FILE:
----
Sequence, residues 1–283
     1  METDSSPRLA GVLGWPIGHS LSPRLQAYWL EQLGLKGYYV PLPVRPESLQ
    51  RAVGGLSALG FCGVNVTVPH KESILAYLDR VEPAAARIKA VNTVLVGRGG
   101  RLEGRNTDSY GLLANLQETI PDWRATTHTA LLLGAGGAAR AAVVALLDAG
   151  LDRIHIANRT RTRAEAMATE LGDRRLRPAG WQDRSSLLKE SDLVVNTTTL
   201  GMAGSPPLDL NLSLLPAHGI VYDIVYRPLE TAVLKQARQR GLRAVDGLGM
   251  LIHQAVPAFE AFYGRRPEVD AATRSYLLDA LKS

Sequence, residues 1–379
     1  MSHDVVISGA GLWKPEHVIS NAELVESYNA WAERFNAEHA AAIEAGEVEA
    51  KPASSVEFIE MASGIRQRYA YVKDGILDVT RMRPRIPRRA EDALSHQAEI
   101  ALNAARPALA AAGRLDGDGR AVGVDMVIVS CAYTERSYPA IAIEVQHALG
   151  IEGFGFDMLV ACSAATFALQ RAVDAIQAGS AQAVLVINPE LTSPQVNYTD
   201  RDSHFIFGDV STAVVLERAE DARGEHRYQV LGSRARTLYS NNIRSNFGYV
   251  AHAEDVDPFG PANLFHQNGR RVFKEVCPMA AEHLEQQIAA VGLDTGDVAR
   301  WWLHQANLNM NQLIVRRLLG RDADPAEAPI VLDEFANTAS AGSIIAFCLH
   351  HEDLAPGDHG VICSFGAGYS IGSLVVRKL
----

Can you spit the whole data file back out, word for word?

Sequence, residues 1–283
     1  METDSSPRLA GVLGWPIGHS LSPRLQAYWL EQLGLKGYYV PLPVRPESLQ
    51  RAVGGLSALG FCGVNVTVPH KESILAYLDR VEPAAARIKA VNTVLVGRGG
   101  RLEGRNTDSY GLLANLQETI PDWRATTHTA LLLGAGGAAR AAVVALLDAG
   151  LDRIHIANRT RTRAEAMATE LGDRRLRPAG WQDRSSLLKE SDLVVNTTTL
   201  GMAGSPPLDL NLSLLPAHGI VYDIVYRPLE TAVLKQARQR GLRAVDGLGM
   251  LIHQAVPAFE AFYGRRPEVD AATRSYLLDA LKS

Sequence, residues 1–379
     1  MSHDVVISGA GLWKPEHVIS NAELVESYNA WAERFNAEHA AAIEAGEVEA
    51  KPASSVEFIE MASGIRQRYA YVKDGILDVT RMRPRIPRRA EDALSHQAEI
   101  ALNAARPALA AAGRLDGDGR AVGVDMVIVS CAYTERSYPA IAIEVQHALG
   151  IEGFGFDMLV ACSAATFALQ RAVDAIQAGS AQAVLVINPE LTSPQVNYTD
   201  RDSHFIFGDV STAVVLERAE DARGEHRYQV LGSRARTLYS NNIRSNFGYV
   251  AHAEDVDPFG PANLFHQNGR RVFKEVCPMA AEHLEQQIAA VGLDTGDVAR
   301  WWLHQANLNM NQLIVRRLLG RDADPAEAPI VLDEFANTAS AGSIIAFCLH
   351  HEDLAPGDHG VICSFGAGYS IGSLVVRKL